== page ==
• Brent Kaneft

Great Men Exist That There May Be Greater Men

“Yet, within the limits of human education and agency, we may say, great men exist that there may be greater men.”

- Ralph Waldo Emerson, from “Uses of Great Men”

Adjacent to the south apartment in Harris House is an attached screened-in porch, where my wife and I spent most of our first four years as dorm parents: reading, drinking coffee, watching our first daughter crash her walker into the deck furniture. A shaded respite from the frenetic energy inside the dorm.

In the mornings, before my pre-dawn jogs, I would sit on the porch swing and tie my shoes, lean back, and listen to the cacophonous quiet. At times, crickets. A buzzing lamppost, perpetual. A few early birds. And one voice –– rich, out-of-tune most mornings, but deep and visceral. The voice belonged to Akila Parks, a member of our kitchen staff whose 1980s Honda Accord slid smoothly into its parking space behind the dining hall every morning by 5 a.m. As he prepared the community’s breakfast, he sang, old gospels mostly, as loud as he could. He whipped eggs, organized biscuit trays, fried bacon, and bellowed “Amazing Grace” and occasionally reached the high notes of “I Can Only Imagine.” Akila’s voice became part of my morning routine. A concert, it felt, just for me.

At the time, he was working two jobs. He left Christ School at 3 p.m., just after lunch had been cleared and the dining hall cleaned. From there he started another shift at a part-time job. When he got home around 10 p.m., he ate, talked to his older children, cared for his ailing father, and then slept for about four hours. Akila must have been exhausted; still he was there every morning singing his songs into the vacuous darkness. Songs of praise.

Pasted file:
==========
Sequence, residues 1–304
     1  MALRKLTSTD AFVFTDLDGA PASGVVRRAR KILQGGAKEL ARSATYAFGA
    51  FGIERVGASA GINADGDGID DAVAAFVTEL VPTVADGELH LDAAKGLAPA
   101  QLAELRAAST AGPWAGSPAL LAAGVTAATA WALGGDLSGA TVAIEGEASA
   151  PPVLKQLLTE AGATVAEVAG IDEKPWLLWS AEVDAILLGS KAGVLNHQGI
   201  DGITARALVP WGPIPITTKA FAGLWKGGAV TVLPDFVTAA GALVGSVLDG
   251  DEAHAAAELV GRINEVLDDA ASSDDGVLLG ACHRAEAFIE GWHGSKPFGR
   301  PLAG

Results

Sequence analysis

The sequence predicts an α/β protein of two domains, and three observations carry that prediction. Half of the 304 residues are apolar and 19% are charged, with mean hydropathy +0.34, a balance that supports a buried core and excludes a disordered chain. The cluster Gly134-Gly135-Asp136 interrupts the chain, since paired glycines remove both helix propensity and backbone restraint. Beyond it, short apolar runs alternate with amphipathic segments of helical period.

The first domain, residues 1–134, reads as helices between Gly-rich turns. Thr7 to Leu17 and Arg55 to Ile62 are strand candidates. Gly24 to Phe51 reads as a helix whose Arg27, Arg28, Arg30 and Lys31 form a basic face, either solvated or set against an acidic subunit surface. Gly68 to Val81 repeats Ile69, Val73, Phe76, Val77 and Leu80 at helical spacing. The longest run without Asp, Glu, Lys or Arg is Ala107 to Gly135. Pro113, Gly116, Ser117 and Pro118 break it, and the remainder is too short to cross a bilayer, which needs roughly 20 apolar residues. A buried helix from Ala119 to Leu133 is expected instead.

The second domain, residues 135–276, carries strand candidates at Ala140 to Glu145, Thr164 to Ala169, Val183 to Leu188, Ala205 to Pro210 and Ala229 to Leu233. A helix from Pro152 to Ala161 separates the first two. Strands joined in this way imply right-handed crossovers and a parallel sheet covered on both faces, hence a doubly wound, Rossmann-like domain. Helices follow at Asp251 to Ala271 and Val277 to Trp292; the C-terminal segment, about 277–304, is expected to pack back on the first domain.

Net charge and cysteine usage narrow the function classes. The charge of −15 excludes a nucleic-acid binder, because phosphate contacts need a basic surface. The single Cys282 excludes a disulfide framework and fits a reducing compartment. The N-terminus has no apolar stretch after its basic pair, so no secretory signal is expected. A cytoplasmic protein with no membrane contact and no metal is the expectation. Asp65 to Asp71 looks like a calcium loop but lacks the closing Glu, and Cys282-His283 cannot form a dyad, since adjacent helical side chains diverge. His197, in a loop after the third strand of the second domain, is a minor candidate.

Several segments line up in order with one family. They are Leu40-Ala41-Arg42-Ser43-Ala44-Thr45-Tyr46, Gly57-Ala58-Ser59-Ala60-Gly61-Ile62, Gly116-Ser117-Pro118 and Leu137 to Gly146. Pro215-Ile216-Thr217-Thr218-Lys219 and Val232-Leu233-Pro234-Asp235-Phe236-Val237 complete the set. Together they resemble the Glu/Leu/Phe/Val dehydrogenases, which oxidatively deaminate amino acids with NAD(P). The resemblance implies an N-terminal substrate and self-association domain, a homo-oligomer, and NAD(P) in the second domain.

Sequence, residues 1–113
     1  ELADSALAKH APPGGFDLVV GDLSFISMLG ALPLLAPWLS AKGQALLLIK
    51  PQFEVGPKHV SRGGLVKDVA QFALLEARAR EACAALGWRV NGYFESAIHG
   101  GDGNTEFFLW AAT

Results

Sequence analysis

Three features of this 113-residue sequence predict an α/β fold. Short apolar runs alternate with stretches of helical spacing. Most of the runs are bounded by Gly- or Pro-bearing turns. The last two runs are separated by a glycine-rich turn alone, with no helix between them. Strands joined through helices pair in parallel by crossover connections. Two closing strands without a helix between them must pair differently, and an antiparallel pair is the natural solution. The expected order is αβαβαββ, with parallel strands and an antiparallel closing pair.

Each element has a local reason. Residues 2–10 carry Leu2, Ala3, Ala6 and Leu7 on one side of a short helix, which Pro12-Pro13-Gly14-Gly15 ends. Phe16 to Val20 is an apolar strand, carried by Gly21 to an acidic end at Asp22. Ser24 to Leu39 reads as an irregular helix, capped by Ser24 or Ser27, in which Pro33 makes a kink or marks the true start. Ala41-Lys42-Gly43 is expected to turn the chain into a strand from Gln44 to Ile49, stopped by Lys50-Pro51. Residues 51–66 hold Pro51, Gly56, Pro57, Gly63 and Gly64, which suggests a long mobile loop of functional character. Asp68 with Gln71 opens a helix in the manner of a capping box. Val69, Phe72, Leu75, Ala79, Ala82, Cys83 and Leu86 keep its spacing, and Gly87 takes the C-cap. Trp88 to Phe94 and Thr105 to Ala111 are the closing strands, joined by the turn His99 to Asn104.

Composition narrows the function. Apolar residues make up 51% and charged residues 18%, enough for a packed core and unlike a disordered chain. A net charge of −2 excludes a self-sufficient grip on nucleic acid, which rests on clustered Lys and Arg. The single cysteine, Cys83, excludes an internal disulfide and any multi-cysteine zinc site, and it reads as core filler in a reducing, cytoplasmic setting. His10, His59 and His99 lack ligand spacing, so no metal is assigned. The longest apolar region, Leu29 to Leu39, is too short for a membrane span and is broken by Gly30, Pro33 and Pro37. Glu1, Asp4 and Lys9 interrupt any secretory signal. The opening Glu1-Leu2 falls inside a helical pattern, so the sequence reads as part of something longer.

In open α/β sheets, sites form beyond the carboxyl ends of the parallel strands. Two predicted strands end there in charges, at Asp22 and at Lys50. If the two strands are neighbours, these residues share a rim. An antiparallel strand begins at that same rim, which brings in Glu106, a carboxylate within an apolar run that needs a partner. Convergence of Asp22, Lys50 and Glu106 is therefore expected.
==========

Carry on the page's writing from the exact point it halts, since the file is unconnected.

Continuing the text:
When I teach Transcendentalism in American Literature, I teach Akila. No one I’ve ever known has embodied the philosophy more. The Transcendentalists Emerson and Thoreau taught us that to fully understand the nature of the world, of God, of us, we must transcend our “dull realities” and see the bigger picture. Instead, we focus on our dull realities. The drudgery of work –– emails, meetings, accounts payable, etc., etc., etc. –– bears more weight than the joy of work, and so the bottom line becomes more important than people, the future more significant than the present, ingratitude more prevalent than thankfulness.

Akila didn’t choose that path.

“Every day given is a day blessed,” he reminded us constantly, his cheerful smile luring us away from his bloodshot eyes, his calloused hands patting us on our backs. If you didn’t know he worked there –– “Cookin’ and praisin’ the Lord” –– you would swear he was there just to greet you. There was something undeniably different about him. Never a surly attitude. Never a complaint. Never darkness, always light. He used his job as a way to bless those around him. And now, with his departure, we are quick to say, as Hamlet said of his father, “I shall not look upon his like again.” When men of immense spirit leave us, we feel the shock. Yet, if we said anything about Akila, I think we’d say he was awake. Being around him forced us to ask the same of ourselves: “Are we awake?” I am hopeful because that question lingers, and though we feel his absence, we remember that many great men and women have passed through our halls and that their legacies, like Akila’s, are enshrined not by words, but by emulation.

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